What’s your story? Has anyone ever asked you that? As a public figure and someone who is regularly interviewed, I find that all (or at least most) roads lead back to one core question. We’re all trying to discover who we are, who someone else is, and why. So, as I go about my life, I’m beginning to collect and connect more and more memories that I realize have ultimately paved the road to adult Breegan and all I am. If you know even a little bit of my background, you know I’m no stranger to diversity. Today, I’ll share a bit more about my unique past and how it impacted the person you know as Breegan Jane, today.
The Neighborhood of Haight-Asbury
I must have been about 11 or 12 years old when my mom and I took a mini vacation to San Francisco. I’ve always loved traveling, so I can remember being excited about the time we’d get to spend together there. We visited the neighborhood of Haight-Ashbury. Haight-Ashbury got its name because of the intersection of Haight and Ashbury streets. Besides being the home of the “Summer of Love” in 1967, this district has a rich history. I’ve often said it was probably the Venice Beach before Venice Beach! In short, it’s always been a very inclusive neighborhood.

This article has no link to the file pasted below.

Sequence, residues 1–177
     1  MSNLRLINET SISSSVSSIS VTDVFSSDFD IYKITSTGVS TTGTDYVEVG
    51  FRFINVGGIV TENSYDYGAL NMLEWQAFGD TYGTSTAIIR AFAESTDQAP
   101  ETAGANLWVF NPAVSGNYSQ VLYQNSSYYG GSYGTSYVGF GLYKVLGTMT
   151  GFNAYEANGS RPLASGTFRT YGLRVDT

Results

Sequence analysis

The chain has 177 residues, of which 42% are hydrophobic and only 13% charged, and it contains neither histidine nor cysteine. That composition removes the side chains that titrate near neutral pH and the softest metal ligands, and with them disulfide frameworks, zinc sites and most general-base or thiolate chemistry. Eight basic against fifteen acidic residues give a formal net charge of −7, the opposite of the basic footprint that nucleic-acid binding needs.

Just a Girl In a Dress
The year we visited this colorful district mom and I were on the hunt for something special. My friend was preparing for her bat mitzvah, and I wanted to wear a pretty dress. Mom and I visited a store in Haight-Ashbury, and I found the perfect one. It was the dress of my dreams! Picture little Breegan in her very first lace-lined, antique-inspired, Victorian masterpiece! It was the girliest of girly dresses, and I loved it. On the surface, it was a simple trip to find a dress. But little did I know, this experience would play a major role in further opening my mind to what acceptance and diversity meant to the world around me.